When one researches the artifacts of Michigan, it is very common that the report will state that the first artifact of this strange type found was by James Scotford. Everything follows this first finding in the fall of 1890. If the claims from Henrietta Mertz in the book The Mystic Symbol are correct, then the position of 1890 as the beginning is absolutely false. Naysayers begin their reasoning as to why the entire collection of Michigan Artifacts is a hoax by beginning the story of James Scotford and then proclaiming everything that follows to be a plant by him. They do however, properly point out the evidences of fraud regarding the actions of bad actor James Scotford and possibly Daniel Soper. They will properly point out studies by James Talmage and Richard Stamps. Yet their claims of everything being a fraud are completely out of bounds. You don’t throw out everything just because one or two bad actors tainted the collection.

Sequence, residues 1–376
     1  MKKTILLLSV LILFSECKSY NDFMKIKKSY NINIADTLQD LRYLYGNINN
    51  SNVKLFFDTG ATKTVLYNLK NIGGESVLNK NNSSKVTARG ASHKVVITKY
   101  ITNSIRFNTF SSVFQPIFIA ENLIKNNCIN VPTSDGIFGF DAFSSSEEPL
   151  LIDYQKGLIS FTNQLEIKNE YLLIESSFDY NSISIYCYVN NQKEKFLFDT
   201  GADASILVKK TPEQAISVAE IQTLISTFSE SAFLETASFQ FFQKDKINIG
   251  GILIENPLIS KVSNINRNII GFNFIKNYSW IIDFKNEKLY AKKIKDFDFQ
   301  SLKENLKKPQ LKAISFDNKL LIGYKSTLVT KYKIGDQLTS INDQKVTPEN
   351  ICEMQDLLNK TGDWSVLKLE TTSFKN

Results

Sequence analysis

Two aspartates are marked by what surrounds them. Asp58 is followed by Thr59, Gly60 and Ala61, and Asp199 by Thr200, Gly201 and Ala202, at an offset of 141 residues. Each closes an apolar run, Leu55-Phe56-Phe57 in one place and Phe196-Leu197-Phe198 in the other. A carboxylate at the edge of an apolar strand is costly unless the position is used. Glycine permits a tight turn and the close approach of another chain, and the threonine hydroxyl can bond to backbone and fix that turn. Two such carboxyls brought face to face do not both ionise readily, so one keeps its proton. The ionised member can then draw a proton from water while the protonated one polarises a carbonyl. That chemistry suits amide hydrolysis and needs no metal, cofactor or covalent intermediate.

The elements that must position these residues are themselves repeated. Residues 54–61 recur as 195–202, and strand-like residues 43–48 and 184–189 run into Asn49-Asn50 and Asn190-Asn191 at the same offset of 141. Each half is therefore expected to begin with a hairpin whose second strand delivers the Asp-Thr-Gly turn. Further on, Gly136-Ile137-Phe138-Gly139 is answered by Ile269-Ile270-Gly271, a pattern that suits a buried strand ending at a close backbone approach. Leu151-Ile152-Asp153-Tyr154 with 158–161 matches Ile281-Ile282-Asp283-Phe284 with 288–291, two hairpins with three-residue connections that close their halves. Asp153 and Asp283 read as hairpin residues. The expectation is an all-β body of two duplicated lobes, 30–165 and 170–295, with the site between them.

Henrietta Mertz is the author of the well known book entitled The Mystic Symbol. She gives a much more researched and detailed description of when the artifacts first came on the scene.
Henrietta Mertz was a courtroom expert in handwriting analysis and a military crypto analyst in World War II.
I am including here a select few paragraphs from the book The Mystic Symbol to establish the truth about the 1890 claim. The Bibliography in the book is rather extensive. My assumption is that her resources and the people she knew and included in her study do check out. I highly recommend you purchase the book and read it for yourself.